1. God eternal, timeless moment,
un-named Name of majesty,
morning star and evening glory,
source of life — its destiny:
you yet chose to shape and name us,
wove us in the deepest earth;
you ordained our days before us,
gave us freedom, gave us worth.
2. Jesus, helper in our sorrow,
Christ, who helpless chose to be:
is it sacrifice to follow
you to Calvary’s cruel tree?
Grant us courage, grant us grace to
die to self and love you still;
counting all things loss to know you,
walk your way and live your will.
3. Holy Spirit, word of wisdom,
dove descending, wind and fire:
sighing deep beyond our knowledge
search our minds, our lives inspire.
Tongues of flame and tongues of language
blaze the Word of God abroad;
may we here translate your wisdom,
guide your world to Christ her Lord.
4. God beyond us, God among us,
ever three, yet ever one:
re-create us, re-confirm us,
re-inspire us, lead us on.
God eternal, go before us;
Christ companion, come beside;
Spirit, be the life within, through
whom our God is glorified.
Words: © David Lee
Tune: Written with Blaenwern in mind (StF 503); a lighter, flowing feel is offered by both Scarlet Ribbons (StF 131) and Saltash (StF 197i)
Ideas for use
These are words are especially suitable for Trinity Sunday, with their emphasis on God the creator (v.1), Jesus the “helpless helper” (v.2), and God’s spirit urging us towards the task of sharing the gospel news (v.3).
Some of the imagery used by David Lee is arresting, including the phrase “Morning star”, which he notes is Trinitarian. In 2 Peter 1: 16-21 it describes our encounter with God as “the morning star rises in your hearts”; while in Revelation 22: 16 Christ refers to himself as “the bright morning star”. David describes the final verse as Trinitarian summing up of the preceding three verses.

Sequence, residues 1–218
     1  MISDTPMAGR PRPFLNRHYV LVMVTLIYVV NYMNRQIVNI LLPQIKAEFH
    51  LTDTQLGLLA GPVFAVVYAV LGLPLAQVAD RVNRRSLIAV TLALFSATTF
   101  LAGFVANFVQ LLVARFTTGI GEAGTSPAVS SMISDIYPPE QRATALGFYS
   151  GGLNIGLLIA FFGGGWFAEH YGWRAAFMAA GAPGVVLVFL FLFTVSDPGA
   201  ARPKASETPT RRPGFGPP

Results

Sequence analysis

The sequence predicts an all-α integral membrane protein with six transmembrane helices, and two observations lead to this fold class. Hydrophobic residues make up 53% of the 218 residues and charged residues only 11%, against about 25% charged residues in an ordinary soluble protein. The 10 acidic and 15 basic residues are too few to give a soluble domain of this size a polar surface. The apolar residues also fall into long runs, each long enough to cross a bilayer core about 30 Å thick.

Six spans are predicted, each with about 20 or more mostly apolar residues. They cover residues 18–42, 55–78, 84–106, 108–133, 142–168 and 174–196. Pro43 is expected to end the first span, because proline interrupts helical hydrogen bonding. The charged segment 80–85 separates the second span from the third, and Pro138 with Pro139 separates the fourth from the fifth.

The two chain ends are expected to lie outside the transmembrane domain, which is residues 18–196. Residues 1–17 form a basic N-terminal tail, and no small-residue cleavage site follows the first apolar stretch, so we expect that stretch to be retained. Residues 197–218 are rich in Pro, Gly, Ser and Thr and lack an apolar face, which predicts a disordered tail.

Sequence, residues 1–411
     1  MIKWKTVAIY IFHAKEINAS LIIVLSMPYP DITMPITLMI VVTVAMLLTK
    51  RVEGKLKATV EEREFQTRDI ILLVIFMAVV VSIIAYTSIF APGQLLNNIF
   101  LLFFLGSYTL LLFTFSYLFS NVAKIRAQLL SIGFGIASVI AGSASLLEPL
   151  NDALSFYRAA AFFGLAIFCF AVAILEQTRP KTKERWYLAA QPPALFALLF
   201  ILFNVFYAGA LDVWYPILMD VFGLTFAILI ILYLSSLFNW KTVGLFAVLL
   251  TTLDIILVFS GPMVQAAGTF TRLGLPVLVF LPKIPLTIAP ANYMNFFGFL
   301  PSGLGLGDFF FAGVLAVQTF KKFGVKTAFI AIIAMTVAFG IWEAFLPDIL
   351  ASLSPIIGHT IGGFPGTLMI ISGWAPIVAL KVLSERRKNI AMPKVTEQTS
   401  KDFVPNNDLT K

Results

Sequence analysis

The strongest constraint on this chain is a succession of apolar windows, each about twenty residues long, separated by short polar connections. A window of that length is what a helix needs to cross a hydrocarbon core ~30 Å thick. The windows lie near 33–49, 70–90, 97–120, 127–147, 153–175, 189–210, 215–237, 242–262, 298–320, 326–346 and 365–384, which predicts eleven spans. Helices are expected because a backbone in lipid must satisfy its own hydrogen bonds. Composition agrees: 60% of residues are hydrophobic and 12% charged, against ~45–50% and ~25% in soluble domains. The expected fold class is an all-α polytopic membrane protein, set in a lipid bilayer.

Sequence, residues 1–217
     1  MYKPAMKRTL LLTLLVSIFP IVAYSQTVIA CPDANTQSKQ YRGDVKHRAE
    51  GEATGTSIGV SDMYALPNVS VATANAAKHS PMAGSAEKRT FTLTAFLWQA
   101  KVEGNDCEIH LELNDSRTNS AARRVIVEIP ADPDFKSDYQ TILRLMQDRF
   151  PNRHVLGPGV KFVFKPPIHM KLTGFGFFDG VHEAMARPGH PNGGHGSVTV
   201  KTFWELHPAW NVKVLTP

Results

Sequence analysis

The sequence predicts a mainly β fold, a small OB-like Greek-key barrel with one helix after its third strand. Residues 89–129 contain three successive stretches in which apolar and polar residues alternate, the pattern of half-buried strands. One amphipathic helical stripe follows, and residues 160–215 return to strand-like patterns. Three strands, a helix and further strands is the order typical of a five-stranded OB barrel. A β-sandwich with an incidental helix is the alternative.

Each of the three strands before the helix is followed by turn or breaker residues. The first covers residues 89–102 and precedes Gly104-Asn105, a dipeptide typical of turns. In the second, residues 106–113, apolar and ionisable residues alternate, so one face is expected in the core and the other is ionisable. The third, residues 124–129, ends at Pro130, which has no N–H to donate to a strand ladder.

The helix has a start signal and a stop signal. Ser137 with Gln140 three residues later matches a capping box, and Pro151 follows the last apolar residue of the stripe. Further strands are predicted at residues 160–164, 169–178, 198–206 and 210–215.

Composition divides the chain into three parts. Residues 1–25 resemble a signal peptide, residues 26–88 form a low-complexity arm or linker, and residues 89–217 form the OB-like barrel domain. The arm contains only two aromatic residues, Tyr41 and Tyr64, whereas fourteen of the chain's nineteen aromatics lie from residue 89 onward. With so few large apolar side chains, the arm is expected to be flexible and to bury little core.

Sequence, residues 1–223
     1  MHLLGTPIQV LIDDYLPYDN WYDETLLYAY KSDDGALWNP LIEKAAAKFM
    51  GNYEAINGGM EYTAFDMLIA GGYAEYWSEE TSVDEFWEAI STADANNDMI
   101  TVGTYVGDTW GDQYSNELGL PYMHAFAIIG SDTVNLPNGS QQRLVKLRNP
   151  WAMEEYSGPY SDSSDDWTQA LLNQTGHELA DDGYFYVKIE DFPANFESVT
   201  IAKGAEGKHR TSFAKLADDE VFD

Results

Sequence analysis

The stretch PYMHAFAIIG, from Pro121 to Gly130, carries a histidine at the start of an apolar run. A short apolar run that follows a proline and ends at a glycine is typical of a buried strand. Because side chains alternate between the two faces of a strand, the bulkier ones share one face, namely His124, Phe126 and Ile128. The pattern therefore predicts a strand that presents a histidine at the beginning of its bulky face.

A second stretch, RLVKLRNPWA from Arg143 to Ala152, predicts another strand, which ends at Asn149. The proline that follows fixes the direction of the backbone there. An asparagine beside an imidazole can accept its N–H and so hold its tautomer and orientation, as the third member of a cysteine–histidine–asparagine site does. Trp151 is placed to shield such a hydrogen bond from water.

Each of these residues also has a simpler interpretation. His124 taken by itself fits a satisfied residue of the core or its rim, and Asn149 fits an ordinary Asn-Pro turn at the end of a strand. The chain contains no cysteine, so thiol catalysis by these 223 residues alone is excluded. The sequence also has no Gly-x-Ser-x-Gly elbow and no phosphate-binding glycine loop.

But this hymn needn’t be used exclusively on one Sunday of the year – it offers an ongoing reflection on the character of God who is both all-encompassing and nearby. And the allusions to the post-resurrection story of the road to Emmaus (see below) make it especially useful for the days following Easter, when the great joy of the disciples is preceded, initially, by sorrow and bewilderment.
David Lee comments: “While many hymns seek to direct a narrative sequence of statements along a particular track, this one is intended to engage the imagination and open up questions for exploration and reflection.” One of the inspirations behind the text is David’s personal memories of his aunt, Shirley Lees, and her husband Bill, “who spent much of their lives working in Borneo, translating the Bible into local languages and cultures, and in medical and educational work”. Verse 2, line 3 (“is it sacrifice to follow”) references the title of their book about the cost and reward of discipleship (Is it Sacrifice? Experiencing Mission and Revival in Borneo pub.1987 Inter-Varsity Press).
David’s words draw upon a wide range of biblical reference and story, all set within in an overriding sense of the glory of God and the encompassing vision of God’s creation – from the “eternal, timeless moment” of the very first line to the glorification of God in the last. But within this is the awareness, too, of God’s presence alongside us in the person of Jesus and in the reassuring presence of the spirit, imaged as a gentle dove as well as powerful wind and fire.
In particular, David alludes to the post-resurrection account of Jesus walking the road to Emmaus with two confused and upset disciples. The story is hinted at in the “evening glory” of the first verse but comes into focus in verse 4: “Christ companion, come beside”. David notes that the word “companion” means literally “with bread”, and it is in the breaking of bread that the two friends finally recognise Jesus: Luke 24: 13-35.
You can read more about the thinking behind this hymn in David’s line by line commentary, from which the above notes are drawn.